“Goodnight Jim Bob.”
“Goodnight Mary Ellen.” “Goodnight John Boy.”
I was 10 years old when I first heard this famous TV sign-off. The television show I’m referring to, “The Waltons,” premiered in 1972 and told the sappy-sweet story of a dirt-poor family in the Blue Ridge Mountains of Virginia. I couldn’t help but wonder why my family wasn’t more like theirs. I didn’t have six siblings or live-in grandparents like the Waltons, but that wasn’t it. I had shoes to wear and food to eat when I was hungry, unlike the Waltons, but that wasn’t it.
Oh yeah, there weren’t any gay children on “The Waltons,” or at least none that was out.
While my understanding of my own sexuality was a layered and often painful evolution, my understanding of family was always present for me, even as a confused gay kid. I knew that my family loved me and I knew that it was the one place where I could find solace in a turbulent world. The normal fears of coming to terms with same-sex attraction certainly existed but the trepidation of losing my family’s love somehow didn’t torment me when I was young.
I know… I am the exception to the rule.
Not only have I grown into a “family awareness,” but also my husband Gary and I have helped our families to learn about love through sharing our relationship with them. The culmination was their participation in our wedding last summer in Montreal. Until recently, I thought that was as good as our families’ participation in our lives could get. I was wrong.
About four years ago, Gary started talking to our lesbian friends about helping them create their families through the gift of sperm donation. It wasn’t until we met Alicia and Leslie three years ago that our willingness to make this offer became a reality. After long discussion and really careful consideration, we decided to take the leap of faith. Now, I’m a donor dad and I couldn’t be prouder.
Our daughter Piper is now 10 months old and this past weekend, Alicia, Leslie, Gary, Piper, and I went to West Virginia to introduce Gary’s parents and my whole family to our baby. I was nervous, Xanax-nervous, about the weekend. Seventeen relatives were all converging on my mom’s house to experience something that they had never encountered before, a nontraditional family in every sense of the word.
As each member of our family met Piper, they couldn’t help but fall in love. Children have that uncanny ability to disarm people’s misconceptions or suppositions about a situation. They had all heard about what Alicia, Leslie, Gary, and I had done, but it didn’t mean anything to them until they met Piper. Holding her in their arms and seeing how much her two moms and her two dads loved her changed everything.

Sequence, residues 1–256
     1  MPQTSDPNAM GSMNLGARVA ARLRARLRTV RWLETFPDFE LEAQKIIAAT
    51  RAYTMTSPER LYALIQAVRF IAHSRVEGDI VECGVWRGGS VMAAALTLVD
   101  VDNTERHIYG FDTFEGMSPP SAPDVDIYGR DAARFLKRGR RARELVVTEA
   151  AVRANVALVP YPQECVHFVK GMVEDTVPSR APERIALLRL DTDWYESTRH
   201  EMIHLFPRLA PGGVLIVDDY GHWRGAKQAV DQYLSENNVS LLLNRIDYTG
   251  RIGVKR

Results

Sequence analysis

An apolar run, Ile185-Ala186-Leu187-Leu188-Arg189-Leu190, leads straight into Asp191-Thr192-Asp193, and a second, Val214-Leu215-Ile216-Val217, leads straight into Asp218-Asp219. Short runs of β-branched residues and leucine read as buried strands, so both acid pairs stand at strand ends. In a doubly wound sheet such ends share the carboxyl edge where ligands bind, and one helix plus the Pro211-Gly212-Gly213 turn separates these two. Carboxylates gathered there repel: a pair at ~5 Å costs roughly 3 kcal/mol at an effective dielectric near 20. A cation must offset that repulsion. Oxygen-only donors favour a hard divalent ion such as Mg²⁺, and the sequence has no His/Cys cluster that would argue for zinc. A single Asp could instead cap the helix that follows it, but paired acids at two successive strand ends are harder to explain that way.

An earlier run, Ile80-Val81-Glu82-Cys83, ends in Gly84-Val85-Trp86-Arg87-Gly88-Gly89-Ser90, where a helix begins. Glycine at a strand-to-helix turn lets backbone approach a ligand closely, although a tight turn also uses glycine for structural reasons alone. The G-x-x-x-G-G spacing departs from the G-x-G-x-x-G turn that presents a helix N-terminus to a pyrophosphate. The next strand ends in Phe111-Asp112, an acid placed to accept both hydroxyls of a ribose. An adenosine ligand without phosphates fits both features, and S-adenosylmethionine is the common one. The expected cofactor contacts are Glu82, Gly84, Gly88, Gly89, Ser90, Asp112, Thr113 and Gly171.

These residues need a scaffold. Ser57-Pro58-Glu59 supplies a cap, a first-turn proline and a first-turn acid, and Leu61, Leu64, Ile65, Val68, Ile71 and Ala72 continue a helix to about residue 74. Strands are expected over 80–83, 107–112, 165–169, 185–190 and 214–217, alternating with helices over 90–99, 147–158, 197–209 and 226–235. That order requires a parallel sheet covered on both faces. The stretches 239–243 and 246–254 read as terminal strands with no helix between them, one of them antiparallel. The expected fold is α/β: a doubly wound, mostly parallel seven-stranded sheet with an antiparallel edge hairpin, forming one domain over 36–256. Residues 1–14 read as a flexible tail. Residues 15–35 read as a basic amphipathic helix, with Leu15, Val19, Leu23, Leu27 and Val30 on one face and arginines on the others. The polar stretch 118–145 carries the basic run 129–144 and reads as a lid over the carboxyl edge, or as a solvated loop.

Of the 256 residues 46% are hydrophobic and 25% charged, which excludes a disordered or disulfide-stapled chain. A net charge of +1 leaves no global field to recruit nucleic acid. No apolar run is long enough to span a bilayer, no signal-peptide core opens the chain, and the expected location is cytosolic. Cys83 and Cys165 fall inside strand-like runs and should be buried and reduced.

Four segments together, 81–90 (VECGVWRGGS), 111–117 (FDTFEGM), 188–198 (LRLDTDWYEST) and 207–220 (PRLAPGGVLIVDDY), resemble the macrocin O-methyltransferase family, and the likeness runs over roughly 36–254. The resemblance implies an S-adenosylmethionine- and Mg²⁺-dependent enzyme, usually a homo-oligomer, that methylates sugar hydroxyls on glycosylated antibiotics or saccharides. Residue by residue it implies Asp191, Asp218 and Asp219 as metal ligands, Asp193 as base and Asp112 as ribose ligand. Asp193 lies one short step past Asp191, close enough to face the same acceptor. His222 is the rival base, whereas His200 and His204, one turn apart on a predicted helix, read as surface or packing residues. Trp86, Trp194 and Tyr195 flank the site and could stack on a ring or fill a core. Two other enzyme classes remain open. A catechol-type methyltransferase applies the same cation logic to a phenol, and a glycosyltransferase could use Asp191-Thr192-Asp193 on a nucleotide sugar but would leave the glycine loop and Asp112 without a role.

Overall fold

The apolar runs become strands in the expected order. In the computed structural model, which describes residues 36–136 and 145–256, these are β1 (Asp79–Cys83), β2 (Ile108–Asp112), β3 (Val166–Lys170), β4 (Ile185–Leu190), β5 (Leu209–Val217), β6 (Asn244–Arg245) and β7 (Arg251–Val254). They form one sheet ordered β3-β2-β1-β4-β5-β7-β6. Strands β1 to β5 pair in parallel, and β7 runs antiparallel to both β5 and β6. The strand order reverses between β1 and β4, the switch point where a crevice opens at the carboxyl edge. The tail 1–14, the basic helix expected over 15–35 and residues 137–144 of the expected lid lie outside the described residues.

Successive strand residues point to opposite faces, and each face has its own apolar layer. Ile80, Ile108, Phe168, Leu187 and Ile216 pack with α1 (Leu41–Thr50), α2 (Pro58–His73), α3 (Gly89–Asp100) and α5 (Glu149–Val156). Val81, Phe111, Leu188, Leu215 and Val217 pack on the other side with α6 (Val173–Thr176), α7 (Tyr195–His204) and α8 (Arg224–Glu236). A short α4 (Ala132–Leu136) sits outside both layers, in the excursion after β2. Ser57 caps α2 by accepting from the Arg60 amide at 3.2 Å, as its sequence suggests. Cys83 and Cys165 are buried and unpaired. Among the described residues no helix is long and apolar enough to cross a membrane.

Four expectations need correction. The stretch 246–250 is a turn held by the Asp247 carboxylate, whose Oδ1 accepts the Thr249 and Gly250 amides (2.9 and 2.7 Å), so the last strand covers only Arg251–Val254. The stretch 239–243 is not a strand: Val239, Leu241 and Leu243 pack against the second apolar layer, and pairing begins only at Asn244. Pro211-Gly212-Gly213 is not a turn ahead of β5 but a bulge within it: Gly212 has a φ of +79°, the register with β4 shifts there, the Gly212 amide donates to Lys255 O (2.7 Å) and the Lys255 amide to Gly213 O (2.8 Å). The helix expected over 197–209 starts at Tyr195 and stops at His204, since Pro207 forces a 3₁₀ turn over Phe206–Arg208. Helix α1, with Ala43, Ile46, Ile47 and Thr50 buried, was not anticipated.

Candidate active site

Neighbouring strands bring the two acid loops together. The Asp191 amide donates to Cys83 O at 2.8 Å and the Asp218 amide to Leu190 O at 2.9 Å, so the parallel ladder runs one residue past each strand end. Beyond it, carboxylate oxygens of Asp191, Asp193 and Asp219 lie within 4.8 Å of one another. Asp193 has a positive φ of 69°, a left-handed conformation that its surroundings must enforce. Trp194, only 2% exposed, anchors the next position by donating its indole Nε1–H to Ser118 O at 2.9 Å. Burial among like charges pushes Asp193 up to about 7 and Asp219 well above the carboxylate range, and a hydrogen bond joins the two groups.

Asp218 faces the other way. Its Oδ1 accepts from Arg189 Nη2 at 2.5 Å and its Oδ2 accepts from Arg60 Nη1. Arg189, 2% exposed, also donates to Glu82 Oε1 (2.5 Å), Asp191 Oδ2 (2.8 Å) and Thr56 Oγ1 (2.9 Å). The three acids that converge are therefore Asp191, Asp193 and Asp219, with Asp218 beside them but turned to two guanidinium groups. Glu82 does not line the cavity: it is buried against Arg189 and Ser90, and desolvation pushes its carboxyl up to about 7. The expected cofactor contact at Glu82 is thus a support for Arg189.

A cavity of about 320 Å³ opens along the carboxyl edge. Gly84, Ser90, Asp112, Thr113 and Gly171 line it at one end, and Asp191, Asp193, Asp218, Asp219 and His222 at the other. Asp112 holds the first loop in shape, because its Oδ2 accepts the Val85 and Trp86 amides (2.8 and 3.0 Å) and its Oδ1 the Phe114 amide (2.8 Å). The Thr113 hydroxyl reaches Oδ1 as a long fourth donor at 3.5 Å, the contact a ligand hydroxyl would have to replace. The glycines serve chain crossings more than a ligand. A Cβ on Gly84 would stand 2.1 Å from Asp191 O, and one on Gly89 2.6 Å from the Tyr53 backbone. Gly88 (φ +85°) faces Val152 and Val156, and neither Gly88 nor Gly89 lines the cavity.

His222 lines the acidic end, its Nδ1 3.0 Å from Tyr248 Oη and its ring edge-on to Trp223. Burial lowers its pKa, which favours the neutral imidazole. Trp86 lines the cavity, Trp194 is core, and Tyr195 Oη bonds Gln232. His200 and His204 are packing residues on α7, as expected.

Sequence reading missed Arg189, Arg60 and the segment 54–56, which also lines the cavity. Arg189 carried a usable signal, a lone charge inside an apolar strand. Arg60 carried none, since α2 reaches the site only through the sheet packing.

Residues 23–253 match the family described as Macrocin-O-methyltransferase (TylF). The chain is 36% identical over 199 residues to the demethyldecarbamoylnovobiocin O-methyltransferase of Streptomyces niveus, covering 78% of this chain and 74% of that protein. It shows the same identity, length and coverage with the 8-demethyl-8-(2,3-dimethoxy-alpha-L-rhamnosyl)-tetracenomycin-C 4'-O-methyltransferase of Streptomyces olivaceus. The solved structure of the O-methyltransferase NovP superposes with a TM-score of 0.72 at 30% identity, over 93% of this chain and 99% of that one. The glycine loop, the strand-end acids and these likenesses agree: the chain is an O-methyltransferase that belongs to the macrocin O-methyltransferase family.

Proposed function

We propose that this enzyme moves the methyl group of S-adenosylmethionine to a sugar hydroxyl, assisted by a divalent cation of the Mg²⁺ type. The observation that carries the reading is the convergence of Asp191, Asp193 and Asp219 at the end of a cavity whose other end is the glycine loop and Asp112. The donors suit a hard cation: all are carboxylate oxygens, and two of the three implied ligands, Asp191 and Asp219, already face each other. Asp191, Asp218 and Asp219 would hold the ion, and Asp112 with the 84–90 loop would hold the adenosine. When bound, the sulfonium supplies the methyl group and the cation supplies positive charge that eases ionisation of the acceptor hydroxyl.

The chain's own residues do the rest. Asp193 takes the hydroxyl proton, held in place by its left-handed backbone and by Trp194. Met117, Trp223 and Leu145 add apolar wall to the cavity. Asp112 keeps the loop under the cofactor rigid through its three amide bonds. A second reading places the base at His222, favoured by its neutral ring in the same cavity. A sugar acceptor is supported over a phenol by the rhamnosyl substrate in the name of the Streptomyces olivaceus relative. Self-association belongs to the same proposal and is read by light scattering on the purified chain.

The initial questions like, “Who is the real mom?” and “Do you and Gary have any rights?,” turned into, “When are we going to see her again?” and “Can I feed her now?” While Gary’s family and mine have grown to respect our love for one another, they instantly loved Piper, and her moms.
Having children is something that the LGBT community hasn’t always considered an option. Establishing safety for the children and for the parents legally has been a real obstacle. Two decades ago, lesbian mothers seeking reproductive assistance to have families without fathers were forced to undergo psychiatric evaluations. The anti-equality opposition has long used children in their campaign against us, saying that gay people recruit or, worse, are uncontrollable pedophiles. As we prove them wrong, and the world gets to meet our children, those ugly false claims reveal themselves for what they are—desperate attempts to mislead.
Sitting on the porch with my brother-in-law discussing the world, I realized just how important it was to bring Piper home to meet the families. Every parent can relate to the joys, trials, heartaches, and transformations inherent in raising a child. While we will inevitably hear from our detractors that we are exploiting our children for political purposes, I now understood why sharing our families with the world is so important.
When I was 10, I thought that the Waltons were the perfect family. While sitting on my mom’s porch in the Blue Ridge Mountains of West Virginia this past weekend, my concept of perfection changed radically. Whether your family has children or not or whether someone’s partnered or not, if love is present, it’s still family.
Anthony M. Brown served as research assistant to Nan Hunter, founder of the Gay and Lesbian Project at the ACLU and helped prepare the brief for the Lawrence v. Texas sodomy case while interning at Lambda Legal in 2002. Brown heads up Nontraditional Family and Estates Law at the law firm of McKenna, Siracusano & Chianese and is on The Wedding Party’s board. He can be reached at: Brown@msclaw.net.